What Are the Psychological Issues Related to Infertility?

By (embryologist) and (fertility counselor).
Last Update: 04/10/2014

For a couple who is facing infertility problems, it is very important to receive psychological support. The response to an infertility diagnosis varies according to each person and their personal situation, personality, and how they decide to confront the problem.

The emotional impact has to be faced before, during, and after undergoing the specific treatment. For this reason, it is highly important to be ready to deal with this difficult period in one's life. With emotional support and a good mental state, the emotional pain caused by infertility can be reduced.

Provided bellow is an index with the 4 points we are going to expand on in this article.

How does infertility affect couples?

The support for the sterile couple includes psychological support from the very first moment in which the problem is detected.

It has been proved that couples diagnosed with infertility suffer mood alterations which are a direct consequence of the problem itself and the search for a solution. They can also be a consequence of the treatments underwent.

Even though the kind of therapy that is offered to patients depends on the cause of their stress and the resources of the clinic, it is recommended that everyone who is to undergo an assisted reproductive treatment visits a reproductive psychologist with their partner.

During these sessions, people talk more openly about the issue and their feelings towards the situation they are facing. Once the problem has been detected, the sessions can be done together or separately.

Psychological support during fertility treatments

The most frequent areas of action, with these people, are:

  • To make it easier for them to express their feelings.
  • To educate the couple regarding infertility, i.e., to make sure that they have all the information they need to make a decision about the treatments they are going to undergo.
  • To cater them to everything they might need to help them through the situation and the whole process, either individually or by means of therapeutic support group.

Sharing the problem with others is very important because it helps the couple, mostly the woman, to express their feelings, doubts and concerns about the medical personnel.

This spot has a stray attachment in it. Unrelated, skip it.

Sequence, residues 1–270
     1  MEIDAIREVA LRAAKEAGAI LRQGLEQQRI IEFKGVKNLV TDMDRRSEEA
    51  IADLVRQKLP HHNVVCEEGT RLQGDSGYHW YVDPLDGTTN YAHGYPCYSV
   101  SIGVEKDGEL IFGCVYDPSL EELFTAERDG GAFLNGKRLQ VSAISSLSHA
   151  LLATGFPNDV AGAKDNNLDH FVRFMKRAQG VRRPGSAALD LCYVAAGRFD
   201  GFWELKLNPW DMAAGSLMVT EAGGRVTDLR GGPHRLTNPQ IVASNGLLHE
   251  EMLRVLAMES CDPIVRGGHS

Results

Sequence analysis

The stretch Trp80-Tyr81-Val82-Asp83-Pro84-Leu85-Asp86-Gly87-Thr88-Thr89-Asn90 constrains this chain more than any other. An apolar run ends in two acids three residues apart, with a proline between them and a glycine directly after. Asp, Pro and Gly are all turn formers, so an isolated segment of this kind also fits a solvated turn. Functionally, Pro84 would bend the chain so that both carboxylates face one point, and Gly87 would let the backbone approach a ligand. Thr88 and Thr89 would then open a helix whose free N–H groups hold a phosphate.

It also helps you to ask for a written proof from your doctor for work or to decline meeting with pregnant friends or with children. This social communication can be useful for women to know how to respond to insensitive comments from unknown people, friends or relatives.

Besides, this therapy can make the couple's relationship stronger, it promotes the support and intimacy, it increases the one-to-one relationship and reduces the stress. It is important to point out the sex therapy and its importance for the couple because it helps them channel their sex life. Sex therapy in cases of sexual dysfunctions.

Getting to know other's experiences

For many couples, it is a relief to keep in contact with other people in their same situation. There are different ways to keep in touch with these people; sometimes in the waiting room patients start talking and they realize they have a lot in common and decide to interchange their address to keep in contact outside the clinic.

These new friends can be very important, especially when patients are being tested and starting the treatment. This new friendship can help patients avoid isolation. However, it is necessary to be aware that each couple is different and the solution to their situation cannot be predicted by anyone else.

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 Cristina Mestre Ferrer
Cristina Mestre Ferrer
B.Sc., M.Sc.
Bachelor's Degree in Biological Sciences, Genetics & Human Reproduction from the University of Valencia (UV). Master's Degree in Biotechnology of Human Assisted Reproduction from the UV and the Valencian Infertility Institute (IVI). Embryologist at IVI Barcelona. More information about Cristina Mestre Ferrer
Adapted into english by:
 Sandra Fernández
Sandra Fernández
B.A., M.A.
Fertility Counselor
Bachelor of Arts in Translation and Interpreting (English, Spanish, Catalan, German) from the University of Valencia (UV) and Heriot-Watt University, Riccarton Campus (Edinburgh, UK). Postgraduate Course in Legal Translation from the University of Valencia. Specialist in Medical Translation, with several years of experience in the field of Assisted Reproduction. More information about Sandra Fernández

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